DS: Although our protest may not be considered legal by the current government, our political circumstance is actually far more complex — voting is a normative democratic value which serves as our implied consent to governance under the Constitution. As such, our government cannot be considered legitimate without citizens voting for representation — voting is the means by which the “will of the people” is determined and expressed to representative government. Thus, when the political process for selecting candidates to appear on the ballot becomes corrupt and government ceases to be representative, it becomes necessary to express our “will of the people” directly, on the ballot itself, as petition for redress of our grievances as provided in the Constitution.

        Resp: Yes implied consent is preferred by the Government [but] its [not] quite a necessity for its officials to keep power; this has been proven by many nations in history; by various forms of governments (autocracy; dictatorships; Monarchy; etc); and [by] current history (see when Pres. Bush took the election from V.P. Gore, with “hanging Chads”,the electoral college system, and a partisan Supreme court decision, all while Gore was holding the popular vote in his hands with legitimate proof of voter fraud and corruptions occurring in Bush”s brother’s State. The people did not consent to none of that mess, but the end result was Bush made it into office and served and got reelected. So attacking the need for implied consent is not effective. Securing the voting process and expanding choices of candidates will be more effective.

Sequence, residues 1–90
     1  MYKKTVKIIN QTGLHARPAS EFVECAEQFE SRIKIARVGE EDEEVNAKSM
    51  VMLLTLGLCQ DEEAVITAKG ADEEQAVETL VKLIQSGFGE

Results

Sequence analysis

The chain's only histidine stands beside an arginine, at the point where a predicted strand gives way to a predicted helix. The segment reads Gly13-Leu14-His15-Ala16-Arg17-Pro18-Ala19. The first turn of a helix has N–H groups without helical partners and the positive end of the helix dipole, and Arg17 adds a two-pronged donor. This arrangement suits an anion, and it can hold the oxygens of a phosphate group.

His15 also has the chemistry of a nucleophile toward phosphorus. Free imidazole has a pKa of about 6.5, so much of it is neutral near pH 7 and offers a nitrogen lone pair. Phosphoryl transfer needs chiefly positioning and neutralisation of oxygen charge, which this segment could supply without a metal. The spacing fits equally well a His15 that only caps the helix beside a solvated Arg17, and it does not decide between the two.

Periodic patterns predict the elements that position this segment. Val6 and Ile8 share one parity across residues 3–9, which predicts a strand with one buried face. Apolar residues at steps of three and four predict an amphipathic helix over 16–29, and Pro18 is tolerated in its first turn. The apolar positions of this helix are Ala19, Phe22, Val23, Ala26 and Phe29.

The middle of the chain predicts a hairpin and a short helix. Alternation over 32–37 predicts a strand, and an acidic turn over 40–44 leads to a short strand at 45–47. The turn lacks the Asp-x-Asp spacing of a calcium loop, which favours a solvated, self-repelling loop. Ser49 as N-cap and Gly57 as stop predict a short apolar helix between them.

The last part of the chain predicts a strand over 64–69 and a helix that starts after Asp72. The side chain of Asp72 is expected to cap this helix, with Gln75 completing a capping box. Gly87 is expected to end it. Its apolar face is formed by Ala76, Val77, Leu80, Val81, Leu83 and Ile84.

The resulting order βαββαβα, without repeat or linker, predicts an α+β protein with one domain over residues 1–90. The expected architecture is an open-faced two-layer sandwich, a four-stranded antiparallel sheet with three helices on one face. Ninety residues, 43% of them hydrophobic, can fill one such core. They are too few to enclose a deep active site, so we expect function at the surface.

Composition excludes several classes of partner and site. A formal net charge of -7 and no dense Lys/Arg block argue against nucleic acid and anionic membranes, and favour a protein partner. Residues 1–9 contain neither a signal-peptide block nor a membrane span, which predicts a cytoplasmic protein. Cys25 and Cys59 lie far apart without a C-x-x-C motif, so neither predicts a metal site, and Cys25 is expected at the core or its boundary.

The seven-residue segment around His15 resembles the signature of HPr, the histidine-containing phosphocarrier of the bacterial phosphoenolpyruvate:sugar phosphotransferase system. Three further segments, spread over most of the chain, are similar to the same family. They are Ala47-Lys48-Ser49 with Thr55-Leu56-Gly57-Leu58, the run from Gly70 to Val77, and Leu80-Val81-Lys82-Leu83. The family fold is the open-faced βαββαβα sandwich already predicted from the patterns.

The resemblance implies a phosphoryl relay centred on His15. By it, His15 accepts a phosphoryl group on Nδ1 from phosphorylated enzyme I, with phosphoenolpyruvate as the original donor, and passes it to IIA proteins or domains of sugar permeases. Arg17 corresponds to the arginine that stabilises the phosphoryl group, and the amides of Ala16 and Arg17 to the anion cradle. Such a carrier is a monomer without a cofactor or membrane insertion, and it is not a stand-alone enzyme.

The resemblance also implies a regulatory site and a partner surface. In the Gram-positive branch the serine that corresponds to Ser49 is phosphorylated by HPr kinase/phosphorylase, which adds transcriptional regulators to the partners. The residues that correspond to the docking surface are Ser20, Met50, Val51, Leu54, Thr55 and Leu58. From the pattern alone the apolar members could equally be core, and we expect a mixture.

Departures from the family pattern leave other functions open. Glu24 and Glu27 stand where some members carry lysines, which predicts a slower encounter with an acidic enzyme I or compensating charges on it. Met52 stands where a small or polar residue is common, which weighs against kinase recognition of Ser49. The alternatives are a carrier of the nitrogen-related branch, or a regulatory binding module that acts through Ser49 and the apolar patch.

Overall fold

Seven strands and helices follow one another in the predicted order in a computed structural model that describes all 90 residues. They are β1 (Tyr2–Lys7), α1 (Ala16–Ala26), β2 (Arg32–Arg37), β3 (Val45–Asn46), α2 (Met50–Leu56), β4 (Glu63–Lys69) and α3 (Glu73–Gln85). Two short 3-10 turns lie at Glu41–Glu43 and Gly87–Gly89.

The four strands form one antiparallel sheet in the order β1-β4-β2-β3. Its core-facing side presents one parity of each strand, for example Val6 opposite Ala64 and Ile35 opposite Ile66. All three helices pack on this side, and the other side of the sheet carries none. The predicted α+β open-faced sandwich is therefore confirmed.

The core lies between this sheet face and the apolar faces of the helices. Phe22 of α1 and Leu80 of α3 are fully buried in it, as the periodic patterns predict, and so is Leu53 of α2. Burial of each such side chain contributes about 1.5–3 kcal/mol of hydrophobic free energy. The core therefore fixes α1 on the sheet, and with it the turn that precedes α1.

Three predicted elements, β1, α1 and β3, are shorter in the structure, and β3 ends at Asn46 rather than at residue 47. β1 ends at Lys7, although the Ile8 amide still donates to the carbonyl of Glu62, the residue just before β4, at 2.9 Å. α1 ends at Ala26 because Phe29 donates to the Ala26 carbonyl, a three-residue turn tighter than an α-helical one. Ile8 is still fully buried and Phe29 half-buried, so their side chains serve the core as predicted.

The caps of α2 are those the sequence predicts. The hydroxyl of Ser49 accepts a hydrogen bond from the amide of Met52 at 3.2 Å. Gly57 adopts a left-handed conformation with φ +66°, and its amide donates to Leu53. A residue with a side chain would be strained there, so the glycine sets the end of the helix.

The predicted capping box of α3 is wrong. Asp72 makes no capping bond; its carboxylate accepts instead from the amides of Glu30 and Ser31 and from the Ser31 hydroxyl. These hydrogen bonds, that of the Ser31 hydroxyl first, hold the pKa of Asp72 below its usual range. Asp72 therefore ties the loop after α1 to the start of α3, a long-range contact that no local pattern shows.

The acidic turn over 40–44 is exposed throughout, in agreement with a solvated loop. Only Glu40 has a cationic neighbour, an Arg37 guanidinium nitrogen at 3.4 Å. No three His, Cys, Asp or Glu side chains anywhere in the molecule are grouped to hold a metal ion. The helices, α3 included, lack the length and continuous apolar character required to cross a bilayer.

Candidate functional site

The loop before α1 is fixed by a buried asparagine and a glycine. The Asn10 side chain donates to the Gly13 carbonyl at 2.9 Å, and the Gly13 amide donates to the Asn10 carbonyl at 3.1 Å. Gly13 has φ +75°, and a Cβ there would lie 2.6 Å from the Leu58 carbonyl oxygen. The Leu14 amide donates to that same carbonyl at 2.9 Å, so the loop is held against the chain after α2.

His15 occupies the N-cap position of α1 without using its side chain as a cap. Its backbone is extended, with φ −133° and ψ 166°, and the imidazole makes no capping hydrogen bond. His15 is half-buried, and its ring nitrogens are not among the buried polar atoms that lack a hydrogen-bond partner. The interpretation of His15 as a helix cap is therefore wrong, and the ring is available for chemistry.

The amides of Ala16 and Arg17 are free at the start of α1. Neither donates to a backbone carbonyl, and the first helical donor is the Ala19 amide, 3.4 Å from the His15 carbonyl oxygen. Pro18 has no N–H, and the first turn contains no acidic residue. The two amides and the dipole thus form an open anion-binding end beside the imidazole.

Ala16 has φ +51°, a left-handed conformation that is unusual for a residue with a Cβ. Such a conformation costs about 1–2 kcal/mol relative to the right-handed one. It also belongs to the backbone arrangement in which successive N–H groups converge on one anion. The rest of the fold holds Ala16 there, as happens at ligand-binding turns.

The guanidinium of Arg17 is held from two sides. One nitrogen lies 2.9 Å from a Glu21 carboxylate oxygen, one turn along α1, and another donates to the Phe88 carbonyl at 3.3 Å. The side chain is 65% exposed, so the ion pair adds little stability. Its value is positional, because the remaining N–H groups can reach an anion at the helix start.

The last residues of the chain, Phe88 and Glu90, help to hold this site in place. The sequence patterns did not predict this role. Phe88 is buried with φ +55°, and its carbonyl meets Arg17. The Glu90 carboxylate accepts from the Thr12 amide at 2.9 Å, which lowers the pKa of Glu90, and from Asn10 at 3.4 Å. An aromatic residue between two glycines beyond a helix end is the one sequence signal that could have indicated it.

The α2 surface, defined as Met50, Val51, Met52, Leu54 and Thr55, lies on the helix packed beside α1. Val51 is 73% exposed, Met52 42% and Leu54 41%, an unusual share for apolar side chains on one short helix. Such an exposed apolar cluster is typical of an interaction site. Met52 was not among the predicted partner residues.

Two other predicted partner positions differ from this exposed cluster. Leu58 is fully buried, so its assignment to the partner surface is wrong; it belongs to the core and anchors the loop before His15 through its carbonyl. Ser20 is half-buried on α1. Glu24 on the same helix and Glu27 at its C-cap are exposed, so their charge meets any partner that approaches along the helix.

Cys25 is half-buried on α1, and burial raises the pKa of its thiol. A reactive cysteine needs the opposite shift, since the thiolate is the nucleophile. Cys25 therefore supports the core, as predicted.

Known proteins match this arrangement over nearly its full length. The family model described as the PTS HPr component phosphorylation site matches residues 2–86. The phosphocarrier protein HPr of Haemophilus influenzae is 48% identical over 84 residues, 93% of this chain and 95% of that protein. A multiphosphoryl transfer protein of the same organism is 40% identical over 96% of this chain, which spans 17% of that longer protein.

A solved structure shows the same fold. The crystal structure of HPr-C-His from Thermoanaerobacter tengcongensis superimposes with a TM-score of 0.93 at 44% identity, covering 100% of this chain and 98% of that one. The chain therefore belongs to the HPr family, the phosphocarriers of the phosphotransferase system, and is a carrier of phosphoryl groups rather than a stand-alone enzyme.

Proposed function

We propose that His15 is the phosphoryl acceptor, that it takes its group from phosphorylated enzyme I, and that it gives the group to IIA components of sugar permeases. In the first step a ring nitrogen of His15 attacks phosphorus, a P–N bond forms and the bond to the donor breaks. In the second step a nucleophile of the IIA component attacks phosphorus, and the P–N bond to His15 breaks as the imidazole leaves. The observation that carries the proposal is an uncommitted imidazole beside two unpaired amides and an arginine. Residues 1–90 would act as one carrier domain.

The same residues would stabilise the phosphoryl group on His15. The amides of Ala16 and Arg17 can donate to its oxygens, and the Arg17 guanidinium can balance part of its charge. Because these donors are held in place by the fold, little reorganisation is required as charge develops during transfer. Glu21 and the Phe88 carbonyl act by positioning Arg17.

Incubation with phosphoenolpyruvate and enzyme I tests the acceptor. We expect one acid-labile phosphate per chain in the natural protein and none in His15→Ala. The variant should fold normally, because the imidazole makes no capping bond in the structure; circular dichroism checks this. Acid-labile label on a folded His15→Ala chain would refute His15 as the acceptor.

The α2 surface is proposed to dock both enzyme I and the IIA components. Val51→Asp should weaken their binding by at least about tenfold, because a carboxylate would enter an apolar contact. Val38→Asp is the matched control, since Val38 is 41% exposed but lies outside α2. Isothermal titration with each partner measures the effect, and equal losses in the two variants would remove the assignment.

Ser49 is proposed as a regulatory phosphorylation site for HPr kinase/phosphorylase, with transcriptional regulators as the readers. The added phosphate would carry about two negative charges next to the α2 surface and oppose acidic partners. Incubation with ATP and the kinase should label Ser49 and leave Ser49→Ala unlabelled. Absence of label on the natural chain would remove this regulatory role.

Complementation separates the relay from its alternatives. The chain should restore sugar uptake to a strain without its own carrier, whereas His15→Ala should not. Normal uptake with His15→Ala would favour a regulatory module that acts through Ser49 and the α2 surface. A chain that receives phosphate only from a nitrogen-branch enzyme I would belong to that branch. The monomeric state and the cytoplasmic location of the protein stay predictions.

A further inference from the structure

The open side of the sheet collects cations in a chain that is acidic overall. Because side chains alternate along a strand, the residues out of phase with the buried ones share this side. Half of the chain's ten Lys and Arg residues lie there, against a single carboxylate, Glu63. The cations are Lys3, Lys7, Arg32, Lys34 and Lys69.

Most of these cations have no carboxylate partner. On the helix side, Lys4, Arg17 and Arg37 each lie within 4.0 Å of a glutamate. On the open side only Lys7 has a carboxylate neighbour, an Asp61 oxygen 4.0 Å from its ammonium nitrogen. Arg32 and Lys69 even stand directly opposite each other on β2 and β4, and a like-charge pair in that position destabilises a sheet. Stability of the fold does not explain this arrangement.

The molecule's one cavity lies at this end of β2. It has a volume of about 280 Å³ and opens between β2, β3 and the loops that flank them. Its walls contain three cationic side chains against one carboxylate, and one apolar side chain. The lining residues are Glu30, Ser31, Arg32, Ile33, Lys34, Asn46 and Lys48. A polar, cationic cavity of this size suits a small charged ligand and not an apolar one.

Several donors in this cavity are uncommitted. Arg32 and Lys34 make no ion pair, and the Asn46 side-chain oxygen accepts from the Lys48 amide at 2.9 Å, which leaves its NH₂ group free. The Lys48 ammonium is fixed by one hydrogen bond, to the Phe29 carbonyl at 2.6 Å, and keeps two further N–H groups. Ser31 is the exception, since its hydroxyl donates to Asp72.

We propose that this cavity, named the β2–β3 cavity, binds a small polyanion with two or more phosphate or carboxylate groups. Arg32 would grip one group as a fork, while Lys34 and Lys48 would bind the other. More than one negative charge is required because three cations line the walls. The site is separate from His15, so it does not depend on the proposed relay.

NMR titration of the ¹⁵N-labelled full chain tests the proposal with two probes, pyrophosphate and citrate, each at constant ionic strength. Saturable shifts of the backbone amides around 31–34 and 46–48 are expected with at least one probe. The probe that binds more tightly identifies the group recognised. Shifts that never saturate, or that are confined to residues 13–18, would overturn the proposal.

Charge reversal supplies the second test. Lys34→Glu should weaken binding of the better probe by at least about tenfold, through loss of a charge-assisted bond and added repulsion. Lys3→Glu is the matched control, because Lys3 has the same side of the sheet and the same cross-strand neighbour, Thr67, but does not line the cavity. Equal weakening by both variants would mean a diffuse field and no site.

DS: Question is, are Americans “disaffected with things as they are”? Exactly how many of us do not consent to the present conduct of the government of the United States of America?